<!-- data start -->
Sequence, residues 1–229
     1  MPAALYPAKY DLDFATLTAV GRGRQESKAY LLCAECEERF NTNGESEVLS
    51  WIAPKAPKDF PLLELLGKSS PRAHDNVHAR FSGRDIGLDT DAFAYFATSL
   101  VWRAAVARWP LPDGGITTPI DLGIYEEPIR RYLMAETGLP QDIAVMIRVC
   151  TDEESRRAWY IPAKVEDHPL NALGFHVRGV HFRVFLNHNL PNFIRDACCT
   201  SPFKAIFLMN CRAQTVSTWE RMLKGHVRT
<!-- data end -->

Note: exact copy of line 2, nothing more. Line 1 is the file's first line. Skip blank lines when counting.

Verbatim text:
     1  MPAALYPAKY DLDFATLTAV GRGRQESKAY LLCAECEERF NTNGESEVLS